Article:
The barriers to employment for people with mental health problems are well documented but for those with mental health problems in the criminal justice system the barriers are even higher.
Discrimination, disempowerment, lack of up-to-date skills, lack of self confidence, no recent track record of employment and a lack of skilled support to help overcome these barriers are the common experience of all too many people who have experienced mental ill health.
Two-thirds of the people who go to prison are unemployed - this is thirteen times more than the national unemployment rate. Furthermore, around two-thirds of those who do have a job lose it whilst in custody.
Enabling a person with a history of offending to get and keep a job is probably the most effective intervention anyone can make to prevent reoffending and improve their chances of leading a better life. Yet less than one-third of released prisoners have a job or a place in training or education to which to go.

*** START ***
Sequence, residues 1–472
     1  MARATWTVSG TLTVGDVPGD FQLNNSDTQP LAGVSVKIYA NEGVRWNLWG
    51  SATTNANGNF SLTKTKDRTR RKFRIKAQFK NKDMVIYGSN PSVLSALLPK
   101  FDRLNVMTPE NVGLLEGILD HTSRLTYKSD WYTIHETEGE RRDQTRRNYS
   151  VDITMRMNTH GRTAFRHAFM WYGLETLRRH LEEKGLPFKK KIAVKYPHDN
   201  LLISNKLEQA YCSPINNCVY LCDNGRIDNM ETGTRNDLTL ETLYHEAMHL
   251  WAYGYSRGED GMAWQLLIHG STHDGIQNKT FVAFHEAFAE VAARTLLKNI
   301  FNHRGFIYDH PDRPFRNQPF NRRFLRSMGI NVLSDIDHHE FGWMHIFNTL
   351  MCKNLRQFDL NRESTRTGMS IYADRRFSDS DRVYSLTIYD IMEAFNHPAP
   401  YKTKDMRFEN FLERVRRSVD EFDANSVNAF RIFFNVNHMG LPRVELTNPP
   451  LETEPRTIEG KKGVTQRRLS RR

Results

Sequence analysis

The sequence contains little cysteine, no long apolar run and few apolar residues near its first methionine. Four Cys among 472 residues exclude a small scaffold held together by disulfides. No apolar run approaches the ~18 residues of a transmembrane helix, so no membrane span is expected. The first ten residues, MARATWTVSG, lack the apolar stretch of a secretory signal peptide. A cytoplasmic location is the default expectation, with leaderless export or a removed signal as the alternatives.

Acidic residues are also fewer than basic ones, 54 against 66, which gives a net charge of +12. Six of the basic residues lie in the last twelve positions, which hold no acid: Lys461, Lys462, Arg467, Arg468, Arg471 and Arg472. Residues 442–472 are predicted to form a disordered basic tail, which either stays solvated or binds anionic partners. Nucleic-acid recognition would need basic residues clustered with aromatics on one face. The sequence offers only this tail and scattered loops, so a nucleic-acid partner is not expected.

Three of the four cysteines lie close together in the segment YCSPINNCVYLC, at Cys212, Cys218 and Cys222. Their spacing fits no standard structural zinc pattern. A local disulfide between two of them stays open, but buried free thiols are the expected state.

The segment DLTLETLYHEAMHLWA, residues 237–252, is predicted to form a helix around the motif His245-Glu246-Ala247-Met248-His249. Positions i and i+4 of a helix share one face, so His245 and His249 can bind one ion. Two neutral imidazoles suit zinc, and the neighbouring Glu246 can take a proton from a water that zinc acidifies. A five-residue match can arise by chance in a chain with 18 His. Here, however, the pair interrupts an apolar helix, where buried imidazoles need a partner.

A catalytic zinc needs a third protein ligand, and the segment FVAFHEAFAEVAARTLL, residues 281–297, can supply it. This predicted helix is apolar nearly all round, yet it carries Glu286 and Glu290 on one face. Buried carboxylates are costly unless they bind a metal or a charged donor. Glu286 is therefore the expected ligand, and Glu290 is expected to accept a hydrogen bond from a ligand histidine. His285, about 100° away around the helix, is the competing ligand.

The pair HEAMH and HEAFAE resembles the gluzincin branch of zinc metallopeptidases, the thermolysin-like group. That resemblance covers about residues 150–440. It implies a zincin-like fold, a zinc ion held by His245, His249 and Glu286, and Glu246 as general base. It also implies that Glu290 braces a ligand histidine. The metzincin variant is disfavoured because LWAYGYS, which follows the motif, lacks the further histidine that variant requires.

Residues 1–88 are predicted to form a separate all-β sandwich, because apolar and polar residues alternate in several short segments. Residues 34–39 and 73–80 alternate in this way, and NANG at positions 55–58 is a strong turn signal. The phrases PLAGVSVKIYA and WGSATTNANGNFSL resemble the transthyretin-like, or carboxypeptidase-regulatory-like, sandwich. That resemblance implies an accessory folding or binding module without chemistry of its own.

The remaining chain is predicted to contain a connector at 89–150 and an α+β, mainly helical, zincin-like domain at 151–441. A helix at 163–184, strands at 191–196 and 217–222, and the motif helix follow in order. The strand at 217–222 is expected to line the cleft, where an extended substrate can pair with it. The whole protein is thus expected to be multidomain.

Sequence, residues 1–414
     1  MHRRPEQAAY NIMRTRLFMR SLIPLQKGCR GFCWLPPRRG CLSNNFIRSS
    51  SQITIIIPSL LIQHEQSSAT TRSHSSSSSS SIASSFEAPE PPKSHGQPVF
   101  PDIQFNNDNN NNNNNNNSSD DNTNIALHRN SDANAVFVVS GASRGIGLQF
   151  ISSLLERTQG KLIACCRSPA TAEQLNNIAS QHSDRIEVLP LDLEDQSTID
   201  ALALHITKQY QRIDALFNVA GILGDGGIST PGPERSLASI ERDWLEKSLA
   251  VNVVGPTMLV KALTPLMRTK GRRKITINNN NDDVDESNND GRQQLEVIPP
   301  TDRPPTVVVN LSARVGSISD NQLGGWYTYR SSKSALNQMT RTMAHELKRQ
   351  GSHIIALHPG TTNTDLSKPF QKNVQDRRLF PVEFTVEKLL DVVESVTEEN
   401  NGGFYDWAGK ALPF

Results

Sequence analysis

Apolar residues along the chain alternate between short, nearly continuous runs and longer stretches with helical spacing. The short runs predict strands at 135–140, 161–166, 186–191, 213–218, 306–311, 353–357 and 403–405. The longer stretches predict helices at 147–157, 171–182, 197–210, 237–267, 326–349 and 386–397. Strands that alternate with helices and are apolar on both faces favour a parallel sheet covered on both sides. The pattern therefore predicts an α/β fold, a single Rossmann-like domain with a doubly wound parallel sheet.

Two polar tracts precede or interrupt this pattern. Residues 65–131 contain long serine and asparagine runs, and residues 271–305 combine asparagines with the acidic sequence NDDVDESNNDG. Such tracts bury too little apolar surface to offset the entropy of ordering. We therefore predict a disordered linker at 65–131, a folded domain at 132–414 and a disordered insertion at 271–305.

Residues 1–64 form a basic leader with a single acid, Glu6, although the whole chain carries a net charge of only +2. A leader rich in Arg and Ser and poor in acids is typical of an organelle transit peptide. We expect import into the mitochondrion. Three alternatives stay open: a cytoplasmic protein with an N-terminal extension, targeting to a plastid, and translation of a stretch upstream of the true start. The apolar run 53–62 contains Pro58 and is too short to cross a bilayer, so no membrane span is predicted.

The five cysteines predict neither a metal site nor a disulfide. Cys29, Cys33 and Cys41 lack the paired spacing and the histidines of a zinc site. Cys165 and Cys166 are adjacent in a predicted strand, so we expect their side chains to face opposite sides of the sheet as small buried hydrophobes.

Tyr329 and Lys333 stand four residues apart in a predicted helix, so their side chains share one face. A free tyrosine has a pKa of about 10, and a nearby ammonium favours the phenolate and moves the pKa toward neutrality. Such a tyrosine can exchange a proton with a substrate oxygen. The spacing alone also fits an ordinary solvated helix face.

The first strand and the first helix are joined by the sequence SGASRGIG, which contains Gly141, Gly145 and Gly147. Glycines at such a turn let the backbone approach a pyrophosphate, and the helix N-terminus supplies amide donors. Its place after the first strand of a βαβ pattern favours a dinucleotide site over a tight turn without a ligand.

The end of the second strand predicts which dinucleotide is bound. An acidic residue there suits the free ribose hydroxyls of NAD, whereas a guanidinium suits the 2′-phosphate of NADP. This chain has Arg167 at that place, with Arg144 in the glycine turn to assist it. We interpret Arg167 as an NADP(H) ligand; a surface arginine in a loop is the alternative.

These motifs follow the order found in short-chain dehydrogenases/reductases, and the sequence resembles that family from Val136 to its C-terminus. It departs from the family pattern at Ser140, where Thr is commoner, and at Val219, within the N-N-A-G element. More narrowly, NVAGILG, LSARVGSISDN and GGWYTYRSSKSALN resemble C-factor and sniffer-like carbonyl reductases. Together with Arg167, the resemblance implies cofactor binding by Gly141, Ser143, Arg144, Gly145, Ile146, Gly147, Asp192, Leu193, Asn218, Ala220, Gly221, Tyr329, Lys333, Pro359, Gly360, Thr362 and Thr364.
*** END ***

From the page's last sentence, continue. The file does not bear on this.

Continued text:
We have brought together our two main work areas of employment and criminal justice to develop pathways into employment for people with mental health problems in the criminal justice system. We work in partnership with key agencies, including the National Offender Management Services and Ministry of Justice.
Building on the work of our current employment programme, we have been exploring how the principles of Individual Placement and Support can be applied in the criminal justice system.
Our latest work, Beyond the Gate, is the result of an 18-month partnership programme that explored the elements of effective practice in this area. We worked with partner organisations which have demonstrated a commitment to supporting offenders and ex-offenders into employment, despite the challenges this poses. The organisations are:
We visited prisons, probation services and other sites across the country to find examples of where offenders with mental health problems are being supported into paid work. We carried out in depth interviews with partners in the programme, offenders and ex-offenders and the agencies they work with. Along with the results of earlier research, we applied the evidence of what works outside the criminal justice system, with the experiences of those working within it, to achieve good outcomes to produce a set of five key elements of effective practice which it believes should be in place universally.
For more information about the employment of offenders project, please contact email@example.com.